It’s all nice&dandy to go around if you don’t like things as they are, and I would have loved to go around when that 4-wheeler drove on the runway with high terrain rising from the end of the runway….. (luckily he saw me in the last second) and there was no go around on that road when the engine of my 120 destroyed itself 3 weeks ago. All I’m saying is better be prepared and trained to land when things are not perfect. Yes I have lots of glider time which helped me in many situations flying in the bush.

    • Thor Flender says:

      well, I too fly in the bush and here in the Yukon are many airstrips where a go around is no option! we are trained and drilled to not even think about a go around to be an option.

      • Gary Lanthrum says:

        I fly a Maule, and the trim configuration for landing is SIGNIFICANTLY different than for takeoff or going around. The control pressures can be significant if the decision is made to do a go-around at the last instant. It takes time to re-trim since the trim wheel requires a lot of rotation to get from landing to take-off configuration. Add to that the challenge with lowering flaps since the flap handle requires the pilot to bend over to return the flaps to neutral and a go-around is not an easy maneuver. That said, I have done go-arounds, particularly in cases where a gusty cross wind caught me after a light skip on a challenging landing. You just have to be very ready for some huge changes in control forces until the plane is reconfigured for the new flight regime.

        • Hotprop says:

          I noticed your comment in the other tail wheel article about the Maule you bought, “I recently bought a Maule MX7-180C, and my transition back to tail wheel flying was harder than I had anticipated because of the control accuracy required. I do think the Maule makes me a better pilot because of the level of precision it requires of the pilot, particularly when flying slowly, and especially when landing.”
          Normally I don’t want to cut up a man’s ride but I gotta give you a heads up on my first experience with the MX7-180C.
          Maule MX7-180C was the first taildragger in which I tried to get my tailwheel endorsement. I couldn’t believe how unpredictable each and every touchdown was. I mean it was vicious. On touchdown, it would dart left or right you never knew which, you just had to be on tip toes ready with gobs of counteracting control input to keep it on the runway. One instructor, who told me,”It’s because I wasn’t doing it right”, proceeded to demonstrate on the next touch and go how close as I believe you can come to performing a ground loop without actually completing one. Smoking and squealing tires and the wing tip that just didn’t quite touch the pavement(we checked to be sure). I remember thinking that this just cannot be right, it can’t be this hard and terrifying and I went so far as to tell the FBO there was probably something wrong with the plane, but he wasn’t interested.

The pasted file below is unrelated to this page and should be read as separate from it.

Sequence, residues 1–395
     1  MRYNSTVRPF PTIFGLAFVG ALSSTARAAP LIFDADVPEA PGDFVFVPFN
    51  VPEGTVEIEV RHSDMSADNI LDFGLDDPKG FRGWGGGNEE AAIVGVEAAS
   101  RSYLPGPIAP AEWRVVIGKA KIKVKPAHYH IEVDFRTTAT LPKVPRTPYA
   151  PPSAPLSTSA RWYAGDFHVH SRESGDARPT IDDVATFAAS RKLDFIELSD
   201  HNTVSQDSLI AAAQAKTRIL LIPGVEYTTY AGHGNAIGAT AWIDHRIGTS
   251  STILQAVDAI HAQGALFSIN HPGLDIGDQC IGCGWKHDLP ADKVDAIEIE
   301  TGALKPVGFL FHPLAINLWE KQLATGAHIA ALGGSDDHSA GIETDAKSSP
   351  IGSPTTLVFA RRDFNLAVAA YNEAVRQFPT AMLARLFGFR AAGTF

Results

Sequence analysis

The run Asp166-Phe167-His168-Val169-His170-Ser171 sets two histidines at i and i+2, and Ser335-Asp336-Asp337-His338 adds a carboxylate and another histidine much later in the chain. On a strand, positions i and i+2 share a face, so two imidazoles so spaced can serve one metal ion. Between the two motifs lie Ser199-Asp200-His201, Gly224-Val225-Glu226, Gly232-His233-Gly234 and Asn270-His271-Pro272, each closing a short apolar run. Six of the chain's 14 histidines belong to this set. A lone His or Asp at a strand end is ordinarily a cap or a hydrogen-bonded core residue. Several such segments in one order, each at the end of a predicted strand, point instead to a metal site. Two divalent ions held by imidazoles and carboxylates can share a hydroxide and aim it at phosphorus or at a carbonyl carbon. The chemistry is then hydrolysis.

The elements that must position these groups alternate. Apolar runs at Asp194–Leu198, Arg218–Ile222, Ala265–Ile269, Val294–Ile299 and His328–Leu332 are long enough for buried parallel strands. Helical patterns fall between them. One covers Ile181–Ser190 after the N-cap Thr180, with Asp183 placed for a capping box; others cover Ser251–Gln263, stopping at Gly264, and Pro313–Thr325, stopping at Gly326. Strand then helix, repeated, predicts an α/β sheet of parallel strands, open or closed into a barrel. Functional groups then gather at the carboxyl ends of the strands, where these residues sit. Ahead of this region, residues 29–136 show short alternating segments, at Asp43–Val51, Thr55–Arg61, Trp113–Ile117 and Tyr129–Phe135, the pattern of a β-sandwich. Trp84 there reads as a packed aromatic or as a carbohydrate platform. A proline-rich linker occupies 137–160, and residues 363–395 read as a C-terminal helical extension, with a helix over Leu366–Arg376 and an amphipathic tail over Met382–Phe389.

No one flew it after a while and the FBO sold the MX7-180C. Since then out of curiosity I queried the NTSB accident database to see if my experience was indicative of the model or maybe the FBO had a lemon with a defect of some kind. As it turns out about 80% of the accidents for the MX7-180C are loss of control while Taking Off or Landing, by far mostly landing. Hey, I’m just saying.
          By the way, so you don’t think it’s sour grapes, I have my endorsement and I love, prefer and enjoy landing (most)tailwheel acft.

    • Diana Roberts says:

      I agree with Bruce about the go-around. I started in gliders and the idea of going around was foreign to me. Once I realized it was an option I took advantage of it when ever I felt uncomfortable with my approach. I am learning how to fly power in a Cessna 140.

    • ellis mickey says: